The Best Calcium Rich, Dairy-Free Foods to Eat During Your Pregnancy
I hated milk as a kid. I still do. It creeped me out. So I avoided (and continue to avoid) it like the plague. Which, according to every family member, USDA's Food Guide Pyramid, and those celebrity-filled "got milk?" ads, meant I was doomed to have broken brittle bones in the not so distant future. Fortunately, they were all wrong.
Milk doesn't have a monopoly on calcium, folks. Thank God! I've had far too many pregnant ladies tell me they're gulping down milk to meet their calcium needs and end up with diarrhea, gas, and all sorts of unpleasantries. If you can't or don't do milk, don't force it. Calcium can be found elsewhere. The important thing is that you take in enough, especially now, during your pregnancy.
Why Calcium Is Important During Pregnancy
Nearly all the calcium in your body is in your bones. 99% to be exact. But it's not just stored in there indefinitely, never moving in or out. Your bones are constantly in a state of remodeling. And if you're pregnant, your forming baby's bones are too. Not only do you need calcium to supply your own body's needs, your baby needs some too.
What about the other 1% of calcium? Well, it resides between your cells, in your blood, and in your muscles. It helps keep your blood the right pH, plays a role in making and releasing hormones, and is important to heart and muscle health and movement.
There's even some proof adequate calcium might protect against preeclampsia.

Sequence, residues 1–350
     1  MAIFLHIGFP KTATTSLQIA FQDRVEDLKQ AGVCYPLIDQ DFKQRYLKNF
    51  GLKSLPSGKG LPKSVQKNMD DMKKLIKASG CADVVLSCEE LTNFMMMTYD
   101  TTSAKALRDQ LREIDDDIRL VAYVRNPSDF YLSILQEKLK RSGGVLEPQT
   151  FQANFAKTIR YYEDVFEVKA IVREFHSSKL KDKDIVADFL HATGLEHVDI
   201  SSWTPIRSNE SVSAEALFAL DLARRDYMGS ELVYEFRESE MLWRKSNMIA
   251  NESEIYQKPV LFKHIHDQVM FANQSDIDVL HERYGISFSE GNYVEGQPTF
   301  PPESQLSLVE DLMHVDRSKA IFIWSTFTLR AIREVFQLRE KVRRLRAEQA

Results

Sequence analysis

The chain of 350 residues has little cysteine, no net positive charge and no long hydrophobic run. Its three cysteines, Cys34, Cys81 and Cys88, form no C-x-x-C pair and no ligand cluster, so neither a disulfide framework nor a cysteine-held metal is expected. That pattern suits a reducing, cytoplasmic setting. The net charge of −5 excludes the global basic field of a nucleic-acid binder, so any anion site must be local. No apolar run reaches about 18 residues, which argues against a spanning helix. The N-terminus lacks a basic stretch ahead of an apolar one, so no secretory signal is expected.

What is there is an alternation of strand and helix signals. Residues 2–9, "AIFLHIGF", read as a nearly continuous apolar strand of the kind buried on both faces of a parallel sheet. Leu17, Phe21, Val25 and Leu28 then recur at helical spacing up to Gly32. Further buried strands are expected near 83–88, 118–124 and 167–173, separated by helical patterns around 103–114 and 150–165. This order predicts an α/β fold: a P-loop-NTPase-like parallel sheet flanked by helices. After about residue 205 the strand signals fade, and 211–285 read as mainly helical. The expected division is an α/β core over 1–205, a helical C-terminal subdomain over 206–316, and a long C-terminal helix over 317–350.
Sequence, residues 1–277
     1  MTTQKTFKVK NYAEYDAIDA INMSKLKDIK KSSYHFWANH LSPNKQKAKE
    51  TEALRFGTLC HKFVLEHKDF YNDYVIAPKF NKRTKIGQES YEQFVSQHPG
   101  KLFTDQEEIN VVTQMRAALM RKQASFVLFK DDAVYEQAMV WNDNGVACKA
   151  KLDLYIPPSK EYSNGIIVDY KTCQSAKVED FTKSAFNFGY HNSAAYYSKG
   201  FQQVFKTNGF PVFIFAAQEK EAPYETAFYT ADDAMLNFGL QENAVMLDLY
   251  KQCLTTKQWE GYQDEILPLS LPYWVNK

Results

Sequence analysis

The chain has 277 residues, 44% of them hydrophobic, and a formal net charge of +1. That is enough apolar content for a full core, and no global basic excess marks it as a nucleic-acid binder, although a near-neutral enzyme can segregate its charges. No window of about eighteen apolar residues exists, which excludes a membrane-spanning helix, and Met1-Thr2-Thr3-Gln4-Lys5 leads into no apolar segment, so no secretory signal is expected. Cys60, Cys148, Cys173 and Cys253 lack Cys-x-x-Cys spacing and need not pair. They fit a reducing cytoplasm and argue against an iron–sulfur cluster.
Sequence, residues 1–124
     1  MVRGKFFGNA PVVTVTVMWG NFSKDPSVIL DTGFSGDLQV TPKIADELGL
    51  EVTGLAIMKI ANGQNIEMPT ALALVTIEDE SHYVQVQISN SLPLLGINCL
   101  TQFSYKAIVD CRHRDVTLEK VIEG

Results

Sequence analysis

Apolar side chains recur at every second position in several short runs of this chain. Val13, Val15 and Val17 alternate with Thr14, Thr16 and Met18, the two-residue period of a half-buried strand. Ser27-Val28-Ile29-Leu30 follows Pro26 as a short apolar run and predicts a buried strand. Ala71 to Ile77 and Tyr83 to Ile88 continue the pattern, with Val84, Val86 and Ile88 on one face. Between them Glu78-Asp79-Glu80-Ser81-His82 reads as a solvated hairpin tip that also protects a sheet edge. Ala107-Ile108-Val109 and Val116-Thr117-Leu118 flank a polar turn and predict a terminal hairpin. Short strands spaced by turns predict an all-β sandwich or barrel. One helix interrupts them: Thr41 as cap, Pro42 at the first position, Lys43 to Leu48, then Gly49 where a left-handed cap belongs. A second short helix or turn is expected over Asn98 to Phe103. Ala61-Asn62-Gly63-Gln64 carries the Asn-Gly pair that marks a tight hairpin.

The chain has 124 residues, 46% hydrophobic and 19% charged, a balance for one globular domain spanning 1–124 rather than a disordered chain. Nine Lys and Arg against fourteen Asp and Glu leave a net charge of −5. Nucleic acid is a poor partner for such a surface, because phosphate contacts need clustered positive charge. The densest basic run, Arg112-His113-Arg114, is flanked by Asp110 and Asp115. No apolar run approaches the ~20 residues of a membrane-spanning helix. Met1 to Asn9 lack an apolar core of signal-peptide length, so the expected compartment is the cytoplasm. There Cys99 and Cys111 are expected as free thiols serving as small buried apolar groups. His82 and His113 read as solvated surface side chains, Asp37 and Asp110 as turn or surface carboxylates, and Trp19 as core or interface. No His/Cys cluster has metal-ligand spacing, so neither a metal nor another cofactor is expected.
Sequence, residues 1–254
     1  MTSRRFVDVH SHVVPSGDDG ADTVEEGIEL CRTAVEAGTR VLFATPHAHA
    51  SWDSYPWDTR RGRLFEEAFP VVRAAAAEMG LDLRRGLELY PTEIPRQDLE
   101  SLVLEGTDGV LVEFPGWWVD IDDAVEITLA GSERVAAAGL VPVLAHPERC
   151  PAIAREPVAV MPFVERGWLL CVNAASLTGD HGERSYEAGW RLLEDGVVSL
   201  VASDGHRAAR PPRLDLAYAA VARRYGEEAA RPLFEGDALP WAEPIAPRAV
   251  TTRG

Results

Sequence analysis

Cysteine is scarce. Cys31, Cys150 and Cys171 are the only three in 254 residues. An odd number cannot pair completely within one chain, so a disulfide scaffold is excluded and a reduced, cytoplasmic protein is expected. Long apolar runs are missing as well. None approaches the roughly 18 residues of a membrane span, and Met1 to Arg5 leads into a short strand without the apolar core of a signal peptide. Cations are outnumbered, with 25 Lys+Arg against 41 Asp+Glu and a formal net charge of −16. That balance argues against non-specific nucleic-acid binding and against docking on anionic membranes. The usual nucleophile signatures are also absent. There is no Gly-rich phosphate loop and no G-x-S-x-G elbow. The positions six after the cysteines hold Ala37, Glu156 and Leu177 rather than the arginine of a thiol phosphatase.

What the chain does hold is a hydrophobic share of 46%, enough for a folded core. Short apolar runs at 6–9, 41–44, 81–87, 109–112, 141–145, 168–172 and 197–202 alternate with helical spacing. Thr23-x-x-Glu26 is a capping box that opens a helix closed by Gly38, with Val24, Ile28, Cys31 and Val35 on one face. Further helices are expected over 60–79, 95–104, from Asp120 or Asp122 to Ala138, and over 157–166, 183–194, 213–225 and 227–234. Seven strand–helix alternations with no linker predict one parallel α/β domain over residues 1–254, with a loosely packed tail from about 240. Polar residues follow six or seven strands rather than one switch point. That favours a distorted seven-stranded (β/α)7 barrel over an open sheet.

Fortunately, it's in a wide variety of foods, dairy and non-dairy alike. So whether you're one of the 24% of pregnant women not getting enough calcium in their daily diet, 43% of non-pregnant women not taking in enough, or you're like me and can't stand milk, I have a list you'll want to take a look at. Yes ma'am, calcium-rich foods minus the bubble guts do exist.
Dairy-Free Calcium Sources
Orange juice with added calcium
Canned sardines with bones
Fortified Coconut Milk
Grapefruit juice with added calcium
Great Northern beans
Canned salmon with bones
Tips to Add More Calcium to Your Meals
Add beans to salads
Replace your rice with teff or amaranth
Use fortified non-dairy milk in smoothies as liquid base
Snack on baked chickpeas
Try bruschetta or spaghetti with sardines
In place of your usual burger, try a salmon burger made with canned salmon, leave the bones in
Opt for spinach instead of
Enjoy a warm, comforting, and satisfying bowl of bean soup or chili
Saute or steam lambsquarters or stinging nettles as a side dish
Top sweet potatoes with tahini or almond butter
Eat sunflower seeds or almonds as snack
Blend calcium set tofu into your morning smoothie
In addition to including the foods above and dairy (if that's your deal), supplements can be an added source of calcium. However you decide to meet your calcium needs, know you're doing a great thing for your health and your baby's health.